City clearing out McPike Park homeless encampment to prepare for public reopen this spring
MADISON, Wis. — Dozens of tents, piles of clothes and scattered personal belongings are all that’s left at a homeless encampment at McPike park two weeks after the City ordered people who were staying there to clear the area by March 1.
The City of Madison Community Development Director Jim O’Keefe said McPike Park was never an approved area for a homeless encampment but the City allowed folks to stay there due to the ongoing homelessness issues many were experiencing. Two weeks ago, the City posted signs around the park notifying people to remove their personal belongings before crews came to clear the area.
On Monday, O’Keefe was joined by a handful of contracted crew members removing any items that were left abandoned at the park.
“The tents that are in tact will be place on palettes and stored,” O’Keefe said.
The City will store any salvageable items in storage for up to 45 days, however O’Keefe believes that not many of the items will be claimed due to significant water damage from being left out all winter.
The crews working at McPike Park also placed a fence around the area so they could continue to work on removing abandoned items while the park remains temporarily closed to the public.
News 3 Now spoke with homeless resident Eric Pottinger who was working on removing his belongings. Pottinger said he’s been living at McPike Park since last spring and it’s provided him with a safe space to go. Although it isn’t his choice to move his belongings, he said he understands why the City has asked residents to do so.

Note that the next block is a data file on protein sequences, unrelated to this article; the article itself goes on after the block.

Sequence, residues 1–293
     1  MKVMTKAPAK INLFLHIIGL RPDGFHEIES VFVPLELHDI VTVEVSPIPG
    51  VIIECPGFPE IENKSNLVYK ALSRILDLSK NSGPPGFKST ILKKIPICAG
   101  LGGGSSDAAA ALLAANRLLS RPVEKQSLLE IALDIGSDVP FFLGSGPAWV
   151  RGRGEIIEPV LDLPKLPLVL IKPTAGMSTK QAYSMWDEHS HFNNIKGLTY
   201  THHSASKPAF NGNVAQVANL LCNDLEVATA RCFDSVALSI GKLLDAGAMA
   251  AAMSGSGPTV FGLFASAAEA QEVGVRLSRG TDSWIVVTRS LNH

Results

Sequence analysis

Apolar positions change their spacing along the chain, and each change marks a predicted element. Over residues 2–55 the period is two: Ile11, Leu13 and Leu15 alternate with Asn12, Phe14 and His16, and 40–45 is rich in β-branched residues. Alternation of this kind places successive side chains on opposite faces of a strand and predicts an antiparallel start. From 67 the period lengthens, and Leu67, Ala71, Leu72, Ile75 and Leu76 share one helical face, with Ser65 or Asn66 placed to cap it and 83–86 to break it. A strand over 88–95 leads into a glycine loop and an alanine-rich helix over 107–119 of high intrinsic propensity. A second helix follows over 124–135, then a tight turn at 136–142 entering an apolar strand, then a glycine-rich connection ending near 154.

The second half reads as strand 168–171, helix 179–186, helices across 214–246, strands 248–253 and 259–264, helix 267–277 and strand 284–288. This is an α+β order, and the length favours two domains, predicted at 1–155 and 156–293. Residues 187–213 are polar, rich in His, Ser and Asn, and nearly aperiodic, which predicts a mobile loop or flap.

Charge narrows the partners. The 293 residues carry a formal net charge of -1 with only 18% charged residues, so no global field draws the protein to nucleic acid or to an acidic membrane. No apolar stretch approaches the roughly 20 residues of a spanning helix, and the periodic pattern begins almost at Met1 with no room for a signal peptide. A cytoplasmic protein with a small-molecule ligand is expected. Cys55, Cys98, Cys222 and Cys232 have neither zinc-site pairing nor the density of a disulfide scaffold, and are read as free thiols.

“It’s a little premature right now that they pushed us out this early before the snow melted. But it’s realistic I guess,” Pottinger said. “They were very even-handed the whole way.”
O’Keefe said at its peak times, there were about 40 people living at McPike Park. As of February 28, he believes only a few, if any, were still using the park.
O’Keefe said the City has worked with several community outreach groups to re-home anyone who was staying at McPike Park. He believes many are now staying in local hotels, shelters, tiny homes built by Occupy Madison, with friends and family or at other outdoor homeless encampments.
“This is not an area that is conducive to living,” O’Keefe said. “It’s not been a safe place for people using the camp. For months, we’ve been focused on this particular location and working with people using the park to find other accommodations.”
O’Keefe said they’ll need to wait until the snow melts to collect any items buried underneath and to wait for some of the items to thaw that are frozen to the surface of the snow.
O’Keefe said the City plans to open up the park to public access this spring.
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